By now, some readers are familiar with the peculiar news that came out close to election day that the Libertarian Party candidate Robert Sarvis in Virginia was apparently been a stalking horse for supporters Democratic Governor-elect Terry McAuliffe to try to draw votes from Ken Cuccinelli. Nevertheless, he captured about 6.5% of the vote, potentially enough to have made the difference in the race (although this exit poll says that Sarvis hurt McAuliffe more than Cuccinelli, which is plausible but certainly contrary to conventional wisdom–and presumably contrary to the objective of the Democratic bundlers funding Sarvis’s campaign).
But my point here isn’t to rehash that issue or to think about the possible implications for future elections.
I want to focus on a different question which was raised by Peter Ferrara in his analysis of that election: should the Libertarian Party begin to follow the practice of the Conservative Party in New York and consider in some elections co-nominating the candidate of one of the established parties (usually the Republicans, one would expect)? Based on the chatter I heard from my friends in Virginia, I am not as convinced as Ferrara that libertarians would have agreed with him that Cuccinelli would have been an appropriate Libertarian standard-bearer (I sensed a stronger than usual resistance to Cuccinelli’s views on social issues, even though much of it seemed somewhat overwrought–no, Ken Cuccinelli wasn’t going to ban contraceptives, seriously?). But leaving aside the specifics of Cuccinelli, Ferrara’s idea of the LP co-nominating candidates of an established party strikes me as something worth considering as a productive way of doing what I think the LP must really be wanting to accomplish, which is to “send a signal” that there is a libertarian constituency, but without engaging in the somewhat self-defeating strategy of undermining relatively smaller-government candidates. As Ferrara observes, this strategy seems to have been a productive one for the Conservative Party in New York, and it strikes me as at least being worthy of consideration by the Libertarian Party as well.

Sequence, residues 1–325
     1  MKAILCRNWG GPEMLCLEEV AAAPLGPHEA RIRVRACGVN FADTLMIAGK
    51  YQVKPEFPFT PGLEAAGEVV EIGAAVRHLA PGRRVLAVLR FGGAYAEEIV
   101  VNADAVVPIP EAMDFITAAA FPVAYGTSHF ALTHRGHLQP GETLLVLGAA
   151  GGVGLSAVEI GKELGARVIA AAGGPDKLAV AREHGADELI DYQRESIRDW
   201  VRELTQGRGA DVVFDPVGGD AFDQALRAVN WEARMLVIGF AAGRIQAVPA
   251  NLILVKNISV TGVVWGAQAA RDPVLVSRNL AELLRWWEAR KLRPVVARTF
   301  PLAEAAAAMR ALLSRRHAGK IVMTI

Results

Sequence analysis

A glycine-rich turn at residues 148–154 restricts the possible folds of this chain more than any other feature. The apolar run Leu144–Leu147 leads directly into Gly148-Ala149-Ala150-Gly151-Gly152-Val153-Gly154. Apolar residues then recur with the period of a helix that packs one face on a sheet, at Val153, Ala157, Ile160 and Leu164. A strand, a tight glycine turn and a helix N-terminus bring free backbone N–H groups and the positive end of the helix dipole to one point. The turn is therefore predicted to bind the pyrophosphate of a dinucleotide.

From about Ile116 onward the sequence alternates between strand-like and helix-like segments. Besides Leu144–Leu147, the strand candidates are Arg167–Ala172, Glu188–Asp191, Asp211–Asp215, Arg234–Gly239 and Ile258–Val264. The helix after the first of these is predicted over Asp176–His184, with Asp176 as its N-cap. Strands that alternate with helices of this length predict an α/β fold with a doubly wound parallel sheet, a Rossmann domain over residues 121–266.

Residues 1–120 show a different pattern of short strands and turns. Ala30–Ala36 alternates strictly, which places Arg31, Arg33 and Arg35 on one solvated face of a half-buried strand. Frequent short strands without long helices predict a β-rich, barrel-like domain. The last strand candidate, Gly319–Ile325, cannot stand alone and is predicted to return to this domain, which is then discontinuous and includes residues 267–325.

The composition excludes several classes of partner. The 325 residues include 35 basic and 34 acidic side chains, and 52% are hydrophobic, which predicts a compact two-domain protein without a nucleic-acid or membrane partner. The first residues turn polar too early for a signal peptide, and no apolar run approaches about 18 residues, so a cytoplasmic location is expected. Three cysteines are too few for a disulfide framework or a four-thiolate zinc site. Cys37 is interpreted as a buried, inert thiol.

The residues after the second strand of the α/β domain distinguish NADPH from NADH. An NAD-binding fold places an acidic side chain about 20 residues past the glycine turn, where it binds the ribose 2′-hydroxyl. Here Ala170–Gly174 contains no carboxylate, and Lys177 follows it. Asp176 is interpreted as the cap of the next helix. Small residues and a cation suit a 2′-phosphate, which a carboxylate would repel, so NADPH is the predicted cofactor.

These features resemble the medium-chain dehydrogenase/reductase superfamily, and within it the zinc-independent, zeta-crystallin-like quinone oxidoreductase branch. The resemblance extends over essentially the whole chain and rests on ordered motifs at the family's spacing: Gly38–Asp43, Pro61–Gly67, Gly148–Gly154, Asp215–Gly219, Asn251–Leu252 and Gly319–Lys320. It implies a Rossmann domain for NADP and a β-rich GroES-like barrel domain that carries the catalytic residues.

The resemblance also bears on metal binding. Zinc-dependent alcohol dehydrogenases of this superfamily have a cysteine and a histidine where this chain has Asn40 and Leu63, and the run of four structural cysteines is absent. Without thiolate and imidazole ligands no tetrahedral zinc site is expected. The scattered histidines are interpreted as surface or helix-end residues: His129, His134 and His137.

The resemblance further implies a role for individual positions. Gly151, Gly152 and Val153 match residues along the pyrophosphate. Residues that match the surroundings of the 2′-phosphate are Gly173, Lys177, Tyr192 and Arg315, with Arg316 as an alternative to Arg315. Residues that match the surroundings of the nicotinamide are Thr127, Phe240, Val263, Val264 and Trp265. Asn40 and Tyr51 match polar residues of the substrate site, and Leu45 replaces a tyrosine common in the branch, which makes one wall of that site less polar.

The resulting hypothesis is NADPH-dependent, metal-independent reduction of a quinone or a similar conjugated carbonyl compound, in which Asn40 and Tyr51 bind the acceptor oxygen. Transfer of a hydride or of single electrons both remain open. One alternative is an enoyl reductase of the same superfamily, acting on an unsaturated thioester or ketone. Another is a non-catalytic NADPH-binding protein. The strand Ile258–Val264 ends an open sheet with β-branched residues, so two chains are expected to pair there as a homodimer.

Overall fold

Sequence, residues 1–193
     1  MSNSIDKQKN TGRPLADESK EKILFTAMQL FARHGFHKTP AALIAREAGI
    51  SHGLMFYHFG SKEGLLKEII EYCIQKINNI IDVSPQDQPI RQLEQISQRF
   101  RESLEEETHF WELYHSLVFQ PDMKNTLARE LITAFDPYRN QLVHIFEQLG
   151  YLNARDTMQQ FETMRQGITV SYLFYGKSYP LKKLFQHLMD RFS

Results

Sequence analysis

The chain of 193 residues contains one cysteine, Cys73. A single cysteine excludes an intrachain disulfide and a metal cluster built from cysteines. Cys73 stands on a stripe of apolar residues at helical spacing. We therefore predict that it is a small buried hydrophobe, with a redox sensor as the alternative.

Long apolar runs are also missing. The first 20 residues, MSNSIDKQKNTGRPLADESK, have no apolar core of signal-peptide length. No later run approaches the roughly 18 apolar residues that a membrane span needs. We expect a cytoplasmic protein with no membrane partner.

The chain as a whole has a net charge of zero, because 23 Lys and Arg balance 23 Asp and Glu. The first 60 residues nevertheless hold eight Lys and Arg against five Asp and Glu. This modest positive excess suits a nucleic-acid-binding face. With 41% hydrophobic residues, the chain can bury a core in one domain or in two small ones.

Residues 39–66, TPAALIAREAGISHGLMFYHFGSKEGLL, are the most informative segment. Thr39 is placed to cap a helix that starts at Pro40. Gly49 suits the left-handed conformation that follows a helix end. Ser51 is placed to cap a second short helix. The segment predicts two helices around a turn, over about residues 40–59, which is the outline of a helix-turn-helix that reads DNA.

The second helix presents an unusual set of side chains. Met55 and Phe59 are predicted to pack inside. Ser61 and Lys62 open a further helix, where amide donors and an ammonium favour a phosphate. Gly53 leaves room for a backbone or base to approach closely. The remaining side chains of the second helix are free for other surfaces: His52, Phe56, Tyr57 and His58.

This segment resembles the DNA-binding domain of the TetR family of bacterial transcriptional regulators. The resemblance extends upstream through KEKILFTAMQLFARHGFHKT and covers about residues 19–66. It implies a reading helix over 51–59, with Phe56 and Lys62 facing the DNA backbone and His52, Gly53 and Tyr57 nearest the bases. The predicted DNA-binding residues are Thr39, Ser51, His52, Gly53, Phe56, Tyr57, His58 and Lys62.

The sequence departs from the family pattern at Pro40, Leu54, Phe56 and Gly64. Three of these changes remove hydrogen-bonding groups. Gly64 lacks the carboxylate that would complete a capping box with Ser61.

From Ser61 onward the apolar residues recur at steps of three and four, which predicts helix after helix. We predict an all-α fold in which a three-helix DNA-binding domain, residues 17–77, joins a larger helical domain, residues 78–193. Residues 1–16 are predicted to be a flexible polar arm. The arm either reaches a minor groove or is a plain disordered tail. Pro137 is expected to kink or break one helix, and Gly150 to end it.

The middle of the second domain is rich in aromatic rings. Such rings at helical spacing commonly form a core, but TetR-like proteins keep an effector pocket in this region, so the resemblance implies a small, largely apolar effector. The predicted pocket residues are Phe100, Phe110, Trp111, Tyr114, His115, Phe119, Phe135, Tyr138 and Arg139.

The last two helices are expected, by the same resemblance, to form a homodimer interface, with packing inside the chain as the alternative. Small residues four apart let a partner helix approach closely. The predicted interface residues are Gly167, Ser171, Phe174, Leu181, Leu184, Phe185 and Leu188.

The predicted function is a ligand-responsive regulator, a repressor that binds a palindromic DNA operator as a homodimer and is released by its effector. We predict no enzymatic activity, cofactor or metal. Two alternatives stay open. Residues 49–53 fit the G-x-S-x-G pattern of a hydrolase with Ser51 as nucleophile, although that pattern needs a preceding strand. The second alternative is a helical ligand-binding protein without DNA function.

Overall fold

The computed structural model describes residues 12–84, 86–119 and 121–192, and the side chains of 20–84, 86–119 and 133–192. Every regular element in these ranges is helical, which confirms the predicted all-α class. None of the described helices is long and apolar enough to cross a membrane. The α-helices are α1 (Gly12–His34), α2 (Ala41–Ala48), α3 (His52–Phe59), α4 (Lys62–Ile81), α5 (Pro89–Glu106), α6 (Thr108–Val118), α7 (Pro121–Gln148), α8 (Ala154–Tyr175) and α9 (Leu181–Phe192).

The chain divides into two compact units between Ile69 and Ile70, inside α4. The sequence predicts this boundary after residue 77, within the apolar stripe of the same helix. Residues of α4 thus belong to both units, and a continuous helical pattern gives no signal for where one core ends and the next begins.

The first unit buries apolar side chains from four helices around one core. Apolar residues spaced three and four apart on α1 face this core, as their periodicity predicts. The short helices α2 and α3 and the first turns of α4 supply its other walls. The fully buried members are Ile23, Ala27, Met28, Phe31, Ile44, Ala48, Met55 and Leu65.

Living in Virginia, I will add one other thought–it strikes me that the complaints of the Tea Party about the Republican establishment are actually well-grounded. A dynamic does seem to be emerging where the establishment refuses to support Tea Party-type candidates when they are nominated, while criticizing Tea Party people who refuse to support establishment candidates. It is hard to escape the conclusion that had the Republican establishment supported Cuccinelli, he would have won. Instead, it appears that the establishment’s real goal was for Cuccinelli to lose, so that they can say “I told you so.” Not only did establishment Republicans refuse to support Cuccinelli, they actively campaigned against him, even echoing and amplifying the crudest Democratic talking points.
Well, it turns out that the answer was easier than I thought. My colleague David Schleicher, writes to tell me that the reason why this doesn’t happen elsewhere is that “fusion” candidacies (running on more than one line) is illegal in must states and is only done regularly in New York. David writes about it here.
Which I guess raises the second question as to whether Libertarians (or other third parties) should try to change state laws to allow it. One would think that the natural inclination of the duopoly parties would be to oppose that, but if the LP does become an important force in purple states, I wonder if Republicans might eventually decide to permit fusion candidates.